In early 2009, an overachieving arts student dropped out of college, signed to Def Jam, and attained instant success with his debut single, Birthday Sex. He quickly followed it up with two unremarkable studio albums, and then, essentially, vanished.
Until recently, that was the story of Jeremih’s career. All we’d heard in the meantime was a 2012 mixtape entitled Late Nights, which tantalisingly showcased a progression from the safe-sounding commercialism of his earlier works. Thankfully, this new style was brought to fruition on last year’s long-awaited Late Nights: The Album, an inventive and accomplished breath of fresh air amidst the scrappy, ultra-prolific experimentation of the rap/R&B landscape. Jeremih, now 29, has sneakily re-infiltrated pop’s A-list, with the Gold-certified Late Nights having jetted his career to dizzying new heights.
In the seven years since that career-birthing single, however, hoards of young upstarts began to experiment with R&B, pushing it well beyond its perceived boundaries: Ty Dolla $ign, The Weeknd, Anderson Paak, and so forth. Jeremih knows he spent five years making a great album, but he also knows the competition won’t allow him to rest on his laurels. So, on his recent tour, he recorded fourteen tracks named after the cities he’d played, and released them as a time-buying, for-the-fans freebie: Late Nights: Europe.
Whereas The Album was all lavish production and polyrhythmic vocal harmonies, Europe hones in on the trap scene that flourished while Jeremih was in absentia. This approach, however, is a dubious one: opener Dubai is driven by repetitions of “I came to fuck this shit up”, with Jeremih’s flow, as well as the production, sounding troublingly reminiscent of something from Future’s peak output.
Across the footwork-esque Belgium, the nocturnal cityscapes of Lebanon, and the probably-intended-for-Gucci-Mane production of Oslo, Norway, it’s easy to imagine Jeremih’s half-conscious croon being replaced by Future’s mournful drawl, or Young Thug’s deranged wailing (both would probably generate stronger results in the process). Indeed, besides gorgeous standouts such as Czech Republic, there’s little that sounds as though it actually belongs to Jeremih; even London, another highlight, is built upon Popcaan style production that renders the singer’s vocal fairly anonymous.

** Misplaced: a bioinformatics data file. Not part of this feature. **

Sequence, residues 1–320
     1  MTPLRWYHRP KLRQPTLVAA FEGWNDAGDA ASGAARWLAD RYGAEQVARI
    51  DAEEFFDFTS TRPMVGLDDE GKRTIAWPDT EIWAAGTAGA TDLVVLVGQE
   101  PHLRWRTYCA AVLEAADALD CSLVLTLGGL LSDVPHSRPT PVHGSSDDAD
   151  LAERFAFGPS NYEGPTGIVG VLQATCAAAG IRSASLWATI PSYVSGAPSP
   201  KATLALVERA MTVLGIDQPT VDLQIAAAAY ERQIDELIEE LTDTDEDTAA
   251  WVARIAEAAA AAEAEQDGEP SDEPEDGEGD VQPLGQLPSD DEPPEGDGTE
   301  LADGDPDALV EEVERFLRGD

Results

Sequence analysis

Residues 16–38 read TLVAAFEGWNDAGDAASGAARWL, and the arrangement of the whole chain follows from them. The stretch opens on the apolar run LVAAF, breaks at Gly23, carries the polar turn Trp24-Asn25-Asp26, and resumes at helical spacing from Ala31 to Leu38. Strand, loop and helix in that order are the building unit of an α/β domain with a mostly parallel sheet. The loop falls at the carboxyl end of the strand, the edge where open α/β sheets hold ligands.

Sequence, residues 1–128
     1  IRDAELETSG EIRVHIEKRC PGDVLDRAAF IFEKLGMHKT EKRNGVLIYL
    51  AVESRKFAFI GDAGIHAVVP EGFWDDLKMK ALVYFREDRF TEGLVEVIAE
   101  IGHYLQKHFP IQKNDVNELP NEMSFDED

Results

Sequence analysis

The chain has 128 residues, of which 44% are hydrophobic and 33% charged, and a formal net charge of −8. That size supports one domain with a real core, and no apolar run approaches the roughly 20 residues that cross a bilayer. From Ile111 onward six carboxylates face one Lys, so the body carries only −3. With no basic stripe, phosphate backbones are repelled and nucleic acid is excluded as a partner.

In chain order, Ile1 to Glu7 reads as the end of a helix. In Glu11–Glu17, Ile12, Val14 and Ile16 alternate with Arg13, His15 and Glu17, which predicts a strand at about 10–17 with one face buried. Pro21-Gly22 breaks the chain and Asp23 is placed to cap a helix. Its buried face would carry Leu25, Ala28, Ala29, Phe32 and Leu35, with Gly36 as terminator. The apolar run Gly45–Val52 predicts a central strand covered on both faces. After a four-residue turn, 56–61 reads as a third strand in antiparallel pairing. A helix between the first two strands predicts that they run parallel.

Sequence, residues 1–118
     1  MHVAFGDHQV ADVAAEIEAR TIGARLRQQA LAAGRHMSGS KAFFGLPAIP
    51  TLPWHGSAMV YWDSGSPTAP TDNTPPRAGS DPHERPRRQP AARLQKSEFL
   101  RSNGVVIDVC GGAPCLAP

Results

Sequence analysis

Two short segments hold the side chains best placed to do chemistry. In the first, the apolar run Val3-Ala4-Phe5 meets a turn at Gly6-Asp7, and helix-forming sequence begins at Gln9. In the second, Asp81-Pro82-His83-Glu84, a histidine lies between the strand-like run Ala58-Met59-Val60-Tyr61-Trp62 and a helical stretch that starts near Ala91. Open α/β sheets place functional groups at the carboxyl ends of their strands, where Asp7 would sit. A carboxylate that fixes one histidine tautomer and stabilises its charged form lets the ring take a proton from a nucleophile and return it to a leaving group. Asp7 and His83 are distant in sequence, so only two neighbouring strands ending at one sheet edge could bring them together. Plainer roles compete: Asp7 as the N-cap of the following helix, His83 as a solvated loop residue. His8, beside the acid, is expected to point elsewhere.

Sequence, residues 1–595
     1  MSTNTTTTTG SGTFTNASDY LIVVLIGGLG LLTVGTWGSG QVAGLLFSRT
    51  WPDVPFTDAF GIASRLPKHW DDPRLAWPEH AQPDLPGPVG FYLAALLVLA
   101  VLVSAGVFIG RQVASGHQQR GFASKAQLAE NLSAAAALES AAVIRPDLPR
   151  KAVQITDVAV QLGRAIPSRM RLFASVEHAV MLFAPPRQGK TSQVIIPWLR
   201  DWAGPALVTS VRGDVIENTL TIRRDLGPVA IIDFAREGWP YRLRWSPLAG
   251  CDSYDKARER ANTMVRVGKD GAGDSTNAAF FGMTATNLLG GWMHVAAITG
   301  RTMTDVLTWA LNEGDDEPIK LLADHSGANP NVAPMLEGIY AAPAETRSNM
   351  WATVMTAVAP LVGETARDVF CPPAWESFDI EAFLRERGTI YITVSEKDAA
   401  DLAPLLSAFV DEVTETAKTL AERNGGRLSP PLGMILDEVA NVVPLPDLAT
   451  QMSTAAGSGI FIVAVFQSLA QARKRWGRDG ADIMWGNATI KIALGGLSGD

But on a second run-through, the complacency of “I came to fuck this shit up” becomes loaded with dramatic irony. These songs are all about sex, only Jeremih sings about sex in ways that most artists wouldn’t. His girls are never mere objects; hearing just one of his songs suggests that he genuinely falls in love with someone almost every night of his life. As he speedballs through Europe, however, this hopelessly romantic, Prince-esque persona becomes audibly exhausted. Three tracks in, Berlin sounds as though he’s slipping in and out of consciousness; by the time he reaches Copenhagen, he’s wearily spewing declarations of lifelong devotion. At a mid-tour stop in London, he goes: “what is this feeling I cannot deal with?” In Amsterdam: “under the red light, you mean… ain’t no stopping here?”
As such, the mixtape is the perfect format for Jeremih to explore this new onslaught of destructive emotional whiplashes. It allows for ideas, thoughts, and feelings to be scribbled down and recorded while the inspiration is still fresh. But Europe won’t earn Jeremih any extra fans, nor does it intend to. Like with Drake’s If You’re Reading This, It’s Too Late, the point of Late Nights: Europe is to offer a deeper insight into Jeremih’s mindset for existing listeners, an update on his new lifestyle following his commercial and artistic renaissance. As a chapter of a wider narrative, it works fine; with few real highlights, that’s all it amounts to.